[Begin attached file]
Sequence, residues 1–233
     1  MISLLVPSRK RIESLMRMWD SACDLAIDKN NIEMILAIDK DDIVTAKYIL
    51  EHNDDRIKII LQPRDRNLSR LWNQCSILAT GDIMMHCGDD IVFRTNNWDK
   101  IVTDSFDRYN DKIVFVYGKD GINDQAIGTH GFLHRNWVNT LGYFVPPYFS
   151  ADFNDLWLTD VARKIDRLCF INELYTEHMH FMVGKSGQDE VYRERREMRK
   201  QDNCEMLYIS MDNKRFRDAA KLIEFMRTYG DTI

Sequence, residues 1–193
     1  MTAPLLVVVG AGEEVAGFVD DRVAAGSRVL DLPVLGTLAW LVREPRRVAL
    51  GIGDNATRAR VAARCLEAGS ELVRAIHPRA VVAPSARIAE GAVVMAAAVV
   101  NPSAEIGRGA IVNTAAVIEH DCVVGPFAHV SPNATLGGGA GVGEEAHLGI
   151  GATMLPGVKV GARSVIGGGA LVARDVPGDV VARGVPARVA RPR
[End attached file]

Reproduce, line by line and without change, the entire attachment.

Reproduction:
Sequence, residues 1–233
     1  MISLLVPSRK RIESLMRMWD SACDLAIDKN NIEMILAIDK DDIVTAKYIL
    51  EHNDDRIKII LQPRDRNLSR LWNQCSILAT GDIMMHCGDD IVFRTNNWDK
   101  IVTDSFDRYN DKIVFVYGKD GINDQAIGTH GFLHRNWVNT LGYFVPPYFS
   151  ADFNDLWLTD VARKIDRLCF INELYTEHMH FMVGKSGQDE VYRERREMRK
   201  QDNCEMLYIS MDNKRFRDAA KLIEFMRTYG DTI

Sequence, residues 1–193
     1  MTAPLLVVVG AGEEVAGFVD DRVAAGSRVL DLPVLGTLAW LVREPRRVAL
    51  GIGDNATRAR VAARCLEAGS ELVRAIHPRA VVAPSARIAE GAVVMAAAVV
   101  NPSAEIGRGA IVNTAAVIEH DCVVGPFAHV SPNATLGGGA GVGEEAHLGI
   151  GATMLPGVKV GARSVIGGGA LVARDVPGDV VARGVPARVA RPR